The length of the quench baths were adjusted by directing the extrudate through multiple passes in the bath around Teflon® guides (E.I. du Pont de Nemours and Company, Wilmington, Del.) or ceramic guides. In general, tensioning guides or draw rolls were used at the positions indicated to isolate that stage of the process from those upstream or downstream. On-line heat treatments were carried out by surface contact with 8.57-cm long hot shoes or by passing through a clamshell type 40 cm long by 2.54-cm ID tube furnace. In some instances, all extrudate spin stretch was accomplished at the wind-up and calculated by dividing the wind-up speed by the extrudate velocity (jet velocity). Temperature control of the coagulation bath was managed using a heat exchange coil immersed in the coagulation bath and connected to a refrigerated/heated constant temperature bath with re-circulating pump.

Spinnerets were fabricated from stainless steel blanks having a single tapered capillary bore having overall length/diameter ratios and hole sizes as shown in Table 1. Otherwise the general procedure consisted of soaking the freshly spun samples while on stainless steel bobbins in jars containing coagulating solvent or water for 2–16 hours and then allowing the samples to dry at room temperature on the bobbins.

Physical properties such as tenacity, elongation and initial modulus were measured using methods and instruments conforming to ASTM standard D 2101-82, except that the test specimen length was 2.54 cm. Mechanical testing results are demonstrated for 2.54-cm filaments and represent the average of three to five individual breaks. Data for natural fiber samples were obtained without any pretreatment.

Example 1 Solution Preparation and Extrusion from 99.6% Formic Acid at 14.2% Solids

D-silk (2 g) was dissolved in formic acid (18 g, 99.6%) to yield a solution of 5% solids. The resulting solution was first filtered through a 325-mesh stainless steel screen and then concentrated to 14.2% solids on a vacuum line by vacuum distillation of formic acid at or below room temperature. Careful stirring was maintained to assure good dope uniformity throughout the concentrating step. The clear, viscous solution was transferred into a 10 cc polyethylene syringe fitted with an 10 um stainless steel filter, a single hole, 0.127 mm diameter×0.254 mm capillary length spinneret. The fiber was wet extruded at 6.4 m/min into a coagulation bath consisting of 75/25-v/v methanol/H2O at 27° C. The extrudate traversed 45.7 cm in coagulation bath 1 and was subsequently collected on a 3.8-cm diameter stainless steel bobbin at a speed of 55.8 meters per minute. The fiber guides were kept wet with methanol throughout the extrusion and the bobbin was washed continuously with a methanol drip during windup. The bobbin of lustrous, white fiber was soaked in methanol for 16 h and then air dried at ambient temperature. Average 2.54 cm single filament tensile strength was 3.7 grams/denier (g/d)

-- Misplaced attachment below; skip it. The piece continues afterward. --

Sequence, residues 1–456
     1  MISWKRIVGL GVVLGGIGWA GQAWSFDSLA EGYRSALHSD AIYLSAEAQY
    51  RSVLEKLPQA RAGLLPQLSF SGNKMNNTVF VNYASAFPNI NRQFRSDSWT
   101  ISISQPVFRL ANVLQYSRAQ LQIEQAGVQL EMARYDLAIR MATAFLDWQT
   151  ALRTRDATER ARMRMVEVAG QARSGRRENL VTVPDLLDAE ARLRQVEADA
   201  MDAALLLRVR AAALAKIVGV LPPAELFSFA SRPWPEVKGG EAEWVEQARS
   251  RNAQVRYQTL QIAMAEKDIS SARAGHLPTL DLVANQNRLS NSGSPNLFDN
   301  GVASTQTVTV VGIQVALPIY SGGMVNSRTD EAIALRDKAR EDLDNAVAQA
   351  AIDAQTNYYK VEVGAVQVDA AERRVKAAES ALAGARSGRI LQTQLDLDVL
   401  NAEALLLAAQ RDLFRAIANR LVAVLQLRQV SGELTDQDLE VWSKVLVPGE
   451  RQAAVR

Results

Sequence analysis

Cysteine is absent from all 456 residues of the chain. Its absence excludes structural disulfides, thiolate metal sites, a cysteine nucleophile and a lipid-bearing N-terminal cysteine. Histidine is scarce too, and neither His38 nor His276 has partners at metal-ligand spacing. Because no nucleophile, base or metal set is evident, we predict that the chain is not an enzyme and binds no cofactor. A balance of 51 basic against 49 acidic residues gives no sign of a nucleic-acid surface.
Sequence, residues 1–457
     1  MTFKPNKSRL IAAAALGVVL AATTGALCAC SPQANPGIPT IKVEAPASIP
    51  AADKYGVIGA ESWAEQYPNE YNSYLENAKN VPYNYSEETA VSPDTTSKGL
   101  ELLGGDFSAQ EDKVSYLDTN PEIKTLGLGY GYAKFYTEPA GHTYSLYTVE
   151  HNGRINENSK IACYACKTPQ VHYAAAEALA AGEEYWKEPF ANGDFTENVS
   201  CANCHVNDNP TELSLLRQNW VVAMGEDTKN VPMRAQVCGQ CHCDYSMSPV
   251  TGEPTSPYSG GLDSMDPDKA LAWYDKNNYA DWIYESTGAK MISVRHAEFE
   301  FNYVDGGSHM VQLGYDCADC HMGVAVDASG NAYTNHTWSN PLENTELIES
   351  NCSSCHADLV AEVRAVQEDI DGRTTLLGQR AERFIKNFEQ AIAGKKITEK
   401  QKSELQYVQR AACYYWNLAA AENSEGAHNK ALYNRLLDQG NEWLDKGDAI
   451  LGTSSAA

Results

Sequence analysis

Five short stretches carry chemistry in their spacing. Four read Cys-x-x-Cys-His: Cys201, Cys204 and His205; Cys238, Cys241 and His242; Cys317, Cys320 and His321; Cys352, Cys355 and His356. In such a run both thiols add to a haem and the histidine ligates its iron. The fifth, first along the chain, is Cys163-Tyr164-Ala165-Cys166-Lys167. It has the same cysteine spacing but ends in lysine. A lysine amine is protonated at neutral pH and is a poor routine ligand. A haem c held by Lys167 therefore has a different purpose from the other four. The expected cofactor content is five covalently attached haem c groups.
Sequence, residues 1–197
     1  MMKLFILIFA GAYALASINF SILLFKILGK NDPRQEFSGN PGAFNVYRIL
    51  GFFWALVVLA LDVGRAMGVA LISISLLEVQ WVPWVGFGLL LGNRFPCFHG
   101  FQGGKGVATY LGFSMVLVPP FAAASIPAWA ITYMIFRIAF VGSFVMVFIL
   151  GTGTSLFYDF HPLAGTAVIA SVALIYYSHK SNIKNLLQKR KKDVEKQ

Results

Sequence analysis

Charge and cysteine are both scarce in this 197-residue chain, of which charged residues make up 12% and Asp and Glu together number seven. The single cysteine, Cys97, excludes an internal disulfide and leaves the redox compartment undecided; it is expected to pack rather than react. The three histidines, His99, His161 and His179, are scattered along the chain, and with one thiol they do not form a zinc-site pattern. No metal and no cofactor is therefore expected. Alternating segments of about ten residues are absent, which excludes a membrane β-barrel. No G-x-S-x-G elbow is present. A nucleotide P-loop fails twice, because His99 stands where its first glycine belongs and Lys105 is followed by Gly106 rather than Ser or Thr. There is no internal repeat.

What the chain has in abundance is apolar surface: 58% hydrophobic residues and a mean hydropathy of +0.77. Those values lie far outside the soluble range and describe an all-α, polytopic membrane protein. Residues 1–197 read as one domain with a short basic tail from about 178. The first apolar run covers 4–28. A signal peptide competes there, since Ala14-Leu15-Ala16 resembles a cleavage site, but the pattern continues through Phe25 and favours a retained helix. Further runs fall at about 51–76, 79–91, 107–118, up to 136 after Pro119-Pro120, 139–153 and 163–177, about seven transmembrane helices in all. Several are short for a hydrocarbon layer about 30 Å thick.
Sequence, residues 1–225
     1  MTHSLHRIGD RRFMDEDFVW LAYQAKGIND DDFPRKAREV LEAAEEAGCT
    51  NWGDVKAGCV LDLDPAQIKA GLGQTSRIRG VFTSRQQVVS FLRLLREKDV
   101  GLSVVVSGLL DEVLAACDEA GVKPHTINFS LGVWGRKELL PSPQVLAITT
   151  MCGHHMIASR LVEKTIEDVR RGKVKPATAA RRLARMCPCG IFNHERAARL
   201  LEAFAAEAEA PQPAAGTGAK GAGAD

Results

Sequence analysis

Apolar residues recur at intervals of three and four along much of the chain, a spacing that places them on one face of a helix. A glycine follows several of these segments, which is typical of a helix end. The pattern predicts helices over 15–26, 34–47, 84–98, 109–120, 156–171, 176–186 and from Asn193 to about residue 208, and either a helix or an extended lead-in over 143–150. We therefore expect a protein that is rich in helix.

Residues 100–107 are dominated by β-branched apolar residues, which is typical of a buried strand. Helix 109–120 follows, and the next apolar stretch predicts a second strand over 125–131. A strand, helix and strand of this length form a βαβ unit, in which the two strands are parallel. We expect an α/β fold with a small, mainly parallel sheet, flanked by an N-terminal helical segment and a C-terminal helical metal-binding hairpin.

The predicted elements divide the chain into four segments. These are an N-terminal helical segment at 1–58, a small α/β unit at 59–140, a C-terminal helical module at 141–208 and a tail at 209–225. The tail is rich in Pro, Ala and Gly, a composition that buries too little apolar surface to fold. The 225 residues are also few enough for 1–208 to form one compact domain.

Example 2 Solution Preparation and Extrusion from Formic Acid/H2O at 21.0% Solids

D-silk (3 g) was dissolved in formic acid/water (97.5/2.5 W/W, 57 g), filtered through a 325 mesh screen and concentrated under vacuum to 21 percent solids. The resulting solution was transferred into a polyethylene 10 cc syringe fitted with a 10 um filter and the same spinneret as in example 1. The jet velocity was set at 6.4 m/min. The first coagulation bath consisted of a mixture of 50/50 water/methanol maintained at about 21° C. giving a total immersion length of 45.7 cm. The extruded filament then entered a second coagulation bath consisting of a mixture of methanol/water at 35° C. for a total immersion length of 1.3 m. The filament then proceeded into a 46 cm hot water bath maintained at 93–94° C. The resultant filament was wound up at 5.64 m/min. The bobbin of fiber and was then allowed to air dry under ambient conditions and mechanical properties were measured without further treatment. The average filament tensile strength was 2.5 g/d.

Example 3 Solution Preparation and Extrusion from Formic Acid/H2O at 17.8% Solids

A solution of D-Silk was prepared as described an Example 2 and concentrated from a 5 percent solution by a vacuum distillation to 17.8% solids. Fibers were spun using similar procedures as for Example 2 except that coagulation baths 1 and 2 contained methanol only and a hot shoe at 148° C. was used for additional heat treatment immediately before the windup. Complete details of the spinning process conditions employed are given in Table 1. The average as-spun filament tensile strength was 2.5 g/d.